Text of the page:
Donald Trump will assume his responsibilities as the 45th President of the United States of America in few hours when he will be sworn in at Capitol Hill. Ironically he will be one of the most unpopular presidents in the U.S. history while stepping in to the White House as his current approval rating among U.S. public, according to a recent CNN/ORC poll, stands at just 40 percent. Though there is no survey available but it is safe to assume that he is equally unpopular globally, thanks to his insensitive remarks on major global issues during election campaign which equally freak U.S. allies as well as its adversaries out. (There are two major exceptions: Israel and Russia!)
But besides his unpopularity political pundits are almost certain that Trump Presidency will be a historic one and will shape the future of the U.S. (good or bad!) and the world given he delivers on his campaign promises. And even though most of us think these promises are absurd and hardly deliverable no one can deny Trump’s “capability” to make them true as he has a reputation of being unpredictable and hardheaded.
Donald Trump is an “outsider” having no experience of holding a public office in past which makes it more easy for him to follow through his foreign policy vision: abandoning NATO, building a wall at the border with Mexico, shelving the two-state solution of Israel-Palestine conflict, shredding Iran nuclear deal, rolling back U.S.-Cuba relations, and slashing the funding to the United Nations as well as for the social causes globally.
Imagine a NATO without the U.S. It’s even hard to imagine but what if it really happened. Even if it doesn’t and the Trump administration decides to keep it on, his rhetoric and dislike for NATO has already made Washington’s decades-old allies in Europe uneasy. One thing is certain that U.S. involvement in Europe and security cooperation with its European allies will no longer be as strong and effective as it was during and after the Cold War. This means since now on Europe will be on its own while dealing with Putin’s Russia which is eager to claim its lost status of super power in world politics.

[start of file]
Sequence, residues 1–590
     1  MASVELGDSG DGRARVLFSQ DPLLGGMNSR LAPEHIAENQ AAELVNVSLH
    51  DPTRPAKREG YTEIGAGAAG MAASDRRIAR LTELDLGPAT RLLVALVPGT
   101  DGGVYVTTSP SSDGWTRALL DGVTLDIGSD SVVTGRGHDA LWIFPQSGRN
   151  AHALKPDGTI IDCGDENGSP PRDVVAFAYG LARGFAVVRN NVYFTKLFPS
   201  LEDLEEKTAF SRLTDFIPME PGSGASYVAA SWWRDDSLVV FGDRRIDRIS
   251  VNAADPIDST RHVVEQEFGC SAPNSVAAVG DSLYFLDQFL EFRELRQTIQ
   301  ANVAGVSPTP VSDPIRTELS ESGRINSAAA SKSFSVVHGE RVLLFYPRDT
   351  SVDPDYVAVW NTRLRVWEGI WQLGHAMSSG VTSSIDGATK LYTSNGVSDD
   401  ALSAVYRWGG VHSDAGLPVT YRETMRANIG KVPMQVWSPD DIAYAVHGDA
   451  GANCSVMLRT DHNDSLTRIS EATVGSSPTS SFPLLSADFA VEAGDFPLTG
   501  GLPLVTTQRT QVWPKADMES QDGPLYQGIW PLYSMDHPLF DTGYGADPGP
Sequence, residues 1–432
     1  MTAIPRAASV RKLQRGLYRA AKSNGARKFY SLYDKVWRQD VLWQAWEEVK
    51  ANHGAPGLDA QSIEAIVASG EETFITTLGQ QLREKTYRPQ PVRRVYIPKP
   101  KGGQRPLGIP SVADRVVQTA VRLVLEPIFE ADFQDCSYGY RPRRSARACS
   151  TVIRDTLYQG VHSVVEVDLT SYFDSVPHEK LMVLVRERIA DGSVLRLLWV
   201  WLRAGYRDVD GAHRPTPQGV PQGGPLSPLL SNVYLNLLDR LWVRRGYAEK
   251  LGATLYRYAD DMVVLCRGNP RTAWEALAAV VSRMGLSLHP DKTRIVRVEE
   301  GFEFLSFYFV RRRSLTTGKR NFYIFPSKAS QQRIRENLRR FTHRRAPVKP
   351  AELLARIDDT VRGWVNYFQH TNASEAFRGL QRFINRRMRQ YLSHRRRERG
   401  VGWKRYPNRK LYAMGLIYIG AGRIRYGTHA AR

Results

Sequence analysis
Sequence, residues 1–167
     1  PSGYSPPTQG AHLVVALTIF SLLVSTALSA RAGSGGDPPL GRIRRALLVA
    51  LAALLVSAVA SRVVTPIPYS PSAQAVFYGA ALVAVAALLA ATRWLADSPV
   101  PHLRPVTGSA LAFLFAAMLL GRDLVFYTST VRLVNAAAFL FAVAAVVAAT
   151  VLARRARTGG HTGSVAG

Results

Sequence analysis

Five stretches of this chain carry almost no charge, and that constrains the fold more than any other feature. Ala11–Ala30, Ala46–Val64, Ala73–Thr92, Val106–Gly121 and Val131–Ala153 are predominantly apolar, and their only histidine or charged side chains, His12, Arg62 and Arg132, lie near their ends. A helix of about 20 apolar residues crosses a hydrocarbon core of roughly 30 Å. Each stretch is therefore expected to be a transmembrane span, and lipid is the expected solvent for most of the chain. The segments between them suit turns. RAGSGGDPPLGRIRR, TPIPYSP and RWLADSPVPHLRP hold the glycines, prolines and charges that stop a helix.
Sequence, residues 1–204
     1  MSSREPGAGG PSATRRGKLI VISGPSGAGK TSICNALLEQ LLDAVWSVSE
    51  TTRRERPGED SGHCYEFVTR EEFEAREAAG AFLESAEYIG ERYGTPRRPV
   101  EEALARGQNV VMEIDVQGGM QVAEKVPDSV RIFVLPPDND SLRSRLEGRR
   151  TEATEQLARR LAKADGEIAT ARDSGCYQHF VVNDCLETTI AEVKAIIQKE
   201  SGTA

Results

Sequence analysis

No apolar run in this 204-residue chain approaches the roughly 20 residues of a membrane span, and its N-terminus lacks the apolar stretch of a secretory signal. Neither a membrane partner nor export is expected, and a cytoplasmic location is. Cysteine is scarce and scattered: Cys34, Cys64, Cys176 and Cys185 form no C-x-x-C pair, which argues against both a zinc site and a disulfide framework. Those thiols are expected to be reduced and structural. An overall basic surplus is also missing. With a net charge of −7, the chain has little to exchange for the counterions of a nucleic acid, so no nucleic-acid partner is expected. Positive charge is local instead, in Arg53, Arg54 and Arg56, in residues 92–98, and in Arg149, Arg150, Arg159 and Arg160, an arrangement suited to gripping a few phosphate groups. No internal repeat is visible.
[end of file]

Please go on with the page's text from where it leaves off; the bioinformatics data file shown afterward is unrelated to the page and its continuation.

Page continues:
The U.S.’ absence from the scene will force Western European countries to mend their ties with Moscow while overlooking its hegemonic designs towards former Soviet states. The biggest casualty of this policy will be Ukraine which may be followed by other East European and Central Asian states. Brexit has already weakened the European Union and a Europe without a clear support and backing from the U.S. can not stand against Russia.
Then there is Middle East, badly ripped by conflicts and tensions. Trump has repeatedly declared that his administration will viciously battle and defeat ISIS, a promise he must deliver. But on the contrary he criticizes Obama administration for aiding Syrian rebels fighting against President Bashar al-Assad, saying U.S. should not be involved in the war between Syrian government and opposition forces. This statement, which he repeated many times on campaign trail and afterward, is very much in line with his foreign policy’s apparent direction which mostly sounds isolationist and noninterventionist.
If Trump administration decides to keep its focus only on battling ISIS and leaves Syrian rebels on their own it might be the end of five-year-long civil war in Syria which has claimed near 400,000 lives and has displaced more than 10 millions. But obviously this end will not be the one which many in the ‘free world’ were dreaming of. Should U.S. decide to keep itself away from Syrian civil war it will be Russia’s Putin, Turkey’s Erdogan and Iran’s Rouhani (or Khamenei) who will decide how this conflict will end and who will win and who will lose. And one thing is certain that their decision will be hard to swallow for most of the Syrian population and global community. (..to be continued)